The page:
Local authorities will be able to charge double the full rate of council tax on second homes in Scotland, according to legislation laid before Holyrood today.

The plans were announced last September in the Programme for Government and were formally tabled today in the Scottish Parliament.

Currently, second homes are subject to a default 50% discount on council tax.

READ MORE: Council tax on second homes to double from April under SNP-Green plan

However, local authorities can vary charges and the majority already charge second home-owners the full rate of council tax, the maximum allowed.

The new legislation will treat second homes like long-term empty homes from April 1, 2024.

In the 2024-25 financial year, it will be based on rates from 2023-24.

More than half of people (55%) were in favour of the change according to a Scottish Government and Convention of Scottish Local Authorities (Cosla) consultation.

READ MORE: Councillor labels Highland second homes 'modern clearances by stealth'

Public finance minister Tom Arthur said: “We want everyone in Scotland to have a home that meets their needs. We know second homes can sometimes benefit local communities, but they can also restrict the availability of housing and increase costs for people who want to rent or buy.

“Subject to approval by Parliament, this legislation aims to prioritise housing for living in by allowing local authorities to charge a council tax premium on second homes. Backed by a majority of respondents to our joint consultation with Cosla, it will enable councils to seek a fair contribution towards local services from second-home owners.”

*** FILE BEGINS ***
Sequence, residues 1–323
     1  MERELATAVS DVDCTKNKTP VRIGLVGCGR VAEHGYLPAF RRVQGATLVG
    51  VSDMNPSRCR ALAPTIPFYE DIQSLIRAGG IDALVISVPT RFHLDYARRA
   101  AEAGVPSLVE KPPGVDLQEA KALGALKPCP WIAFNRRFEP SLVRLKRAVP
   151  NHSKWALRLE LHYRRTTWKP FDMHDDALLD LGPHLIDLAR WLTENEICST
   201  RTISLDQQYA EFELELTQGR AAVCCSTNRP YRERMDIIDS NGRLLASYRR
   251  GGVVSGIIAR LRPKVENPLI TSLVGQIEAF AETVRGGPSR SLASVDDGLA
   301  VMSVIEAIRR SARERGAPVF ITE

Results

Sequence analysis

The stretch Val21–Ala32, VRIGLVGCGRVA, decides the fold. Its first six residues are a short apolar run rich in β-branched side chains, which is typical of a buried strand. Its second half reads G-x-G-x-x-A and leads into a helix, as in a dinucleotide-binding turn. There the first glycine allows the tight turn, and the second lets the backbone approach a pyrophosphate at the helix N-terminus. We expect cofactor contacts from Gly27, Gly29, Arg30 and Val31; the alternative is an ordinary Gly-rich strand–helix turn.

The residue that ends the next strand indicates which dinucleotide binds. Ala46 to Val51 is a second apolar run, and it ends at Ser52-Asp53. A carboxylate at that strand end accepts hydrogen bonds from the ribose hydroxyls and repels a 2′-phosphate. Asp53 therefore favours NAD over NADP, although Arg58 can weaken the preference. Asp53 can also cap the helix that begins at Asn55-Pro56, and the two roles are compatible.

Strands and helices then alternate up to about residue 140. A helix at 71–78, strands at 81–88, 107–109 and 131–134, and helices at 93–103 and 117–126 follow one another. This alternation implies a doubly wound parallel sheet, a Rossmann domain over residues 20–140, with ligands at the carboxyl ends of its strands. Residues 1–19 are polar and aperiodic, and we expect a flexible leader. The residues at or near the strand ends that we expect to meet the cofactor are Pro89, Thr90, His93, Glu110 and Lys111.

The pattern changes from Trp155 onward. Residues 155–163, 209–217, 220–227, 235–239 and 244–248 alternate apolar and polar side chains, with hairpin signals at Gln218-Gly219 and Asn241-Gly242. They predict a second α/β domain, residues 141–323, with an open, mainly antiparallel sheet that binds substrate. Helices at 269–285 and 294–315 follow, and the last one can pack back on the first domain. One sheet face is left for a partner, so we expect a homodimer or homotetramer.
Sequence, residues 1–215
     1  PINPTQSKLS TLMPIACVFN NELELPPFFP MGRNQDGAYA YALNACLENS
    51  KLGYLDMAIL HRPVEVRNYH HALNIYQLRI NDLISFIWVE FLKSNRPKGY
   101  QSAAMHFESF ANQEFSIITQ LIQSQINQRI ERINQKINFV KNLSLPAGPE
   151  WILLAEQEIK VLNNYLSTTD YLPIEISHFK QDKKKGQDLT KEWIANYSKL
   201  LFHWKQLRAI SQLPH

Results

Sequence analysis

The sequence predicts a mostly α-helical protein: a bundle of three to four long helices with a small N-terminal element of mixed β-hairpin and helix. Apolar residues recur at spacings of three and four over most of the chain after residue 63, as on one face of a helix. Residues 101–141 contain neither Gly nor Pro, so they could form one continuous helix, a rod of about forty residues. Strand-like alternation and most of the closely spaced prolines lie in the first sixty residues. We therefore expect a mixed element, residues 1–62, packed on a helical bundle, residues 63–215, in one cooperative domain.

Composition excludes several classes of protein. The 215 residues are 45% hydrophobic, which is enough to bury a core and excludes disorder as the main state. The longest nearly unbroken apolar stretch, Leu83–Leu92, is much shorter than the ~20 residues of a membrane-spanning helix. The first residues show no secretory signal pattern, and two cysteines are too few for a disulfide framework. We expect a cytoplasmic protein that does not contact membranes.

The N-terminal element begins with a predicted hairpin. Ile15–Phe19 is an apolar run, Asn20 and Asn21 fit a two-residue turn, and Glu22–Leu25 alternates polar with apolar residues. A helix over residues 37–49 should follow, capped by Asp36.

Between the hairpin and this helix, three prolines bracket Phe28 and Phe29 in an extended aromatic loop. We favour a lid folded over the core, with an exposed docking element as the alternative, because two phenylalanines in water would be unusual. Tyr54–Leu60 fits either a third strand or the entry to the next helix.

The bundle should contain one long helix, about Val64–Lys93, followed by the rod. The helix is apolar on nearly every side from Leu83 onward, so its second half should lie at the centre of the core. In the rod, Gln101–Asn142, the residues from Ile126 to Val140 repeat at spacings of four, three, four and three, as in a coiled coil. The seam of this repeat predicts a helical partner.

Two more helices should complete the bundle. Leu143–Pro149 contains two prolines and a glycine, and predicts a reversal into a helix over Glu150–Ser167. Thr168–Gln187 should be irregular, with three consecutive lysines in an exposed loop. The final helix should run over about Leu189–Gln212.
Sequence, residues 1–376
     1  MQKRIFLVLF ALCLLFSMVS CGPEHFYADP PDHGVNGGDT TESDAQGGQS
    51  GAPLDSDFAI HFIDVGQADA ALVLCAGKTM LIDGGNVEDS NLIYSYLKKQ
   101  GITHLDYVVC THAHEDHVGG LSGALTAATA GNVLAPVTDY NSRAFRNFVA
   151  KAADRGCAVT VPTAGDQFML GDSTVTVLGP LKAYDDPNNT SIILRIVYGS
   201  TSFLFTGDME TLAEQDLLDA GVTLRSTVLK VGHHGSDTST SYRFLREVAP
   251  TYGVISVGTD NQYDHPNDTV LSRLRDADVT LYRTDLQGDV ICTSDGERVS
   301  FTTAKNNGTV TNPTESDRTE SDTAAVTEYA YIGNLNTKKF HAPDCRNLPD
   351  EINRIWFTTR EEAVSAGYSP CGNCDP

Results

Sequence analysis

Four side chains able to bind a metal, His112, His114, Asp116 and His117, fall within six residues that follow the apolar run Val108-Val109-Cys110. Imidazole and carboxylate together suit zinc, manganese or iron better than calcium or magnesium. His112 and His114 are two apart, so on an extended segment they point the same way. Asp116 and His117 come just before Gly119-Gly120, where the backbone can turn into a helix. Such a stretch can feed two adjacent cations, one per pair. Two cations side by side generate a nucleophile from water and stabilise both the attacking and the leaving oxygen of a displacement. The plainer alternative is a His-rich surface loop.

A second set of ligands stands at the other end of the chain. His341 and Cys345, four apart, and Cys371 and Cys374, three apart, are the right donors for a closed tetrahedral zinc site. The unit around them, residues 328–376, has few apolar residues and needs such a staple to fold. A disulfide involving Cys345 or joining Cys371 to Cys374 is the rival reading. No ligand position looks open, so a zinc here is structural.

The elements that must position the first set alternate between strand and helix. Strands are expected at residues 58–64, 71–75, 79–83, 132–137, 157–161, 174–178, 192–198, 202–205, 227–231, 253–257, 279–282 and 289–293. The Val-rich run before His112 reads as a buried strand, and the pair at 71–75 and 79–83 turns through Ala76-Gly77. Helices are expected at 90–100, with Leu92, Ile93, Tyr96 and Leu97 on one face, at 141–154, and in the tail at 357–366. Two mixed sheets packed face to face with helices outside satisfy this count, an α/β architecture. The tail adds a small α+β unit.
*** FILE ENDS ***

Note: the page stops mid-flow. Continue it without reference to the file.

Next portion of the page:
Cosla resources spokesperson councillor Katie Hagmann said: “Subject to Parliamentary approval, Cosla very much welcomes the ability for councils to take the decision to increase the premium on second homes in their areas.

“Allowing the politicians who are closest to their communities to take decisions about what best suits local needs and circumstances is well aligned to the Verity House Agreement.”

The policy will help meet the housing commitments set out in the Bute House Agreement between the Scottish Greens and Scottish Government.

Scottish Greens finance spokesperson, Ross Greer MSP, said: “This will be a really important tool to help tackle the inequality of huge housing shortages in the very same communities as many second and holiday homes sit empty for most of the year. It will also raise tens of millions of pounds for local services like schools and social care.

“Housing is a human right. We should all be able to access good quality and affordable homes. Yet, all across Scotland there are people being priced out of the areas they grew up in while thousands more are stuck on waiting lists. 

“With bold steps like this we will shift the balance away from second home ownership and free up more homes for those who really need them.

“This action on second homes comes on top of our work to cap private rents to protect tenants over the last year, the new system of regulation for short-term holiday lets recently introduced, and our commitment to build 110,000 affordable homes over the next 10 years.  

“Homes should be for people who most need them first.”

A second home is classed as any that is not used as someone’s primary residence but is occupied for at least 25 days in a year.

Wednesday’s draft legislation comes after Scotland’s councils expressed outrage over not being consulted about a freeze on council tax next year that Humza Yousaf announced at the SNP conference in October.

Cosla described the move by the First Minister as “deplorable” and said it had no prior warning.

The Scottish Greens, which only found out hours before the announcement at the SNP conference, also criticised the tax freeze.

But Mr Yousaf said Scots were filled with “dread” as bills continued to go “up and up” and said council tax would be frozen.